To assess internal medicine physicians' perceptions regarding delays in the follow up of ambulatory test results and the clinical consequences of delays.
Anonymous survey of internal medicine physicians at 3 large academic medical centers. The survey asked about physician practices regarding follow up of commonly ordered ambulatory test results, major barriers to follow-up, and perception of harm due to delayed follow-up.
One hundred ninety-five (66%) of 297 eligible physicians completed the survey. House staff physicians were more likely to take 1 or more weeks to review the results of tests sent on their ambulatory patients. Forty-six percent of house staff physicians took 1 or more weeks to review laboratory results compared with only 8% of attending physicians (P < 0.001), and 58.7% of house staff physicians took 1 or more weeks to review radiographic study results compared with 24.5% of attending physicians (P < 0.001). The most common barrier to timely follow up was the lack of a reminder system. Overall, at least a few times per year, 70.4% of respondents reported seeing patients with delays in diagnosis or treatment because of delays in test result follow-up, and 40.4% reported seeing patients with worsening medical conditions because of delays in follow-up.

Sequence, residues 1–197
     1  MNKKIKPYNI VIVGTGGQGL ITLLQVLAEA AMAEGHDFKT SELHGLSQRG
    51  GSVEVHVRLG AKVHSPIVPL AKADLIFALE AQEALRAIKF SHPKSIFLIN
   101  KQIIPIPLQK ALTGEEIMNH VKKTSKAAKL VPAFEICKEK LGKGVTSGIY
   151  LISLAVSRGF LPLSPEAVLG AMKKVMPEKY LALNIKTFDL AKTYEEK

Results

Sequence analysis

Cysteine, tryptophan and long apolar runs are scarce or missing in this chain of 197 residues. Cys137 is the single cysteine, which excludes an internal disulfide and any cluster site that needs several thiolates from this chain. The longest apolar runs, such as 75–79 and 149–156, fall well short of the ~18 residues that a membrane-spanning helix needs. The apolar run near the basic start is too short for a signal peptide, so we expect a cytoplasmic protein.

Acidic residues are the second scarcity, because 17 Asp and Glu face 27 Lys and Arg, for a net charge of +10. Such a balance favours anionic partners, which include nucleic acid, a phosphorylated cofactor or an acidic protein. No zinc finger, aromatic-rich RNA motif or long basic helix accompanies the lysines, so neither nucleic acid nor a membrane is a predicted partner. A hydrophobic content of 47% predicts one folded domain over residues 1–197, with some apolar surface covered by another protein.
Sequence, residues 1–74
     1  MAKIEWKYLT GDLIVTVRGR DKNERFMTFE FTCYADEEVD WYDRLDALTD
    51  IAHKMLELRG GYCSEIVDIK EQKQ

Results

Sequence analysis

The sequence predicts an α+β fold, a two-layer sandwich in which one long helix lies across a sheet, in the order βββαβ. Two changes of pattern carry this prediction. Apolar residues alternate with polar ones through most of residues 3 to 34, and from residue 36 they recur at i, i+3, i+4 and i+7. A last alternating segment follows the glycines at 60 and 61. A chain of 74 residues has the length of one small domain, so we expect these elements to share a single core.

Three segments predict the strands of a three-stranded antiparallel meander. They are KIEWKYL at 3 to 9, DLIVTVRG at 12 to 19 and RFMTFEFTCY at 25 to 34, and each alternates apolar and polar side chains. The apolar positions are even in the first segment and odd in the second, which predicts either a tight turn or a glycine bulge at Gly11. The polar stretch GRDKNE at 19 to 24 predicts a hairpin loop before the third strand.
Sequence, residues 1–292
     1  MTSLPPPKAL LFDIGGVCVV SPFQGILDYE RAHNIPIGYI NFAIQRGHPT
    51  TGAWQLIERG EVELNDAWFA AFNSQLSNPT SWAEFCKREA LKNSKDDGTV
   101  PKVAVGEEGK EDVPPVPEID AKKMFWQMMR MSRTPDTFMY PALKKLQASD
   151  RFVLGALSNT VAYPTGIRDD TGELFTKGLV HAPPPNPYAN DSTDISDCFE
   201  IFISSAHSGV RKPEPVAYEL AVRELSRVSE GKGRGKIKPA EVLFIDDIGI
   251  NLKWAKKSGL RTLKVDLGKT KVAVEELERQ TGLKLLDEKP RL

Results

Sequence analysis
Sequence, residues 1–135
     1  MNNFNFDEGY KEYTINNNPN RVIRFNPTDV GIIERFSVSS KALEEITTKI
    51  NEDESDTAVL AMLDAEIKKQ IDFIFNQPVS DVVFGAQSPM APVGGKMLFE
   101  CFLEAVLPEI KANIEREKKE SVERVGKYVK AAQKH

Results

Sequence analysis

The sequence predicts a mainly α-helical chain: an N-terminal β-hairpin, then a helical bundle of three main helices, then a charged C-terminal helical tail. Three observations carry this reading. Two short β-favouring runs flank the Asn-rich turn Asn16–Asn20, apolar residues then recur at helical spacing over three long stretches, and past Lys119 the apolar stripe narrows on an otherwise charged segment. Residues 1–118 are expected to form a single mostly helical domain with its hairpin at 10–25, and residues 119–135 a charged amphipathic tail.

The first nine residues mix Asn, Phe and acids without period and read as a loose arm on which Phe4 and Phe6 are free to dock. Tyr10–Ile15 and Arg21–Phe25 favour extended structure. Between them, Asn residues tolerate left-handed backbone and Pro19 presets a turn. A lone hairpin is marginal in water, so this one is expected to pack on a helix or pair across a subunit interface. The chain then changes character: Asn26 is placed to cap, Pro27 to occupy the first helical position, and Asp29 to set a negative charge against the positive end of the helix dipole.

Physicians perceive that the lack of timely follow up of abnormal test results is common in the ambulatory setting and that patients are harmed as a result. Interventions such as automatic reminders and changes in house staff workflow are needed to ensure that abnormal test results are followed up in a timely manner.
From the *Division of General Medicine and Clinical Epidemiology, University of North Carolina at Chapel Hill, Chapel Hill, North Carolina; †Department of Medicine, Beth Israel Medical Center, New York, New York; ‡Division of General Internal Medicine, San Diego Veterans Administration Medical Center, San Diego, California; and §Division of General Internal Medicine, Mount Sinai School of Medicine, New York, New York.
Correspondence: Carlton Moore, MD, MS, Division of General Medical and Clinical Epidemiology, University of North Carolina at Chapel Hill, 5039 Old Clinic Bldg, CB 7110 Chapel Hill, NC 27599-7110 (e-mail: firstname.lastname@example.org).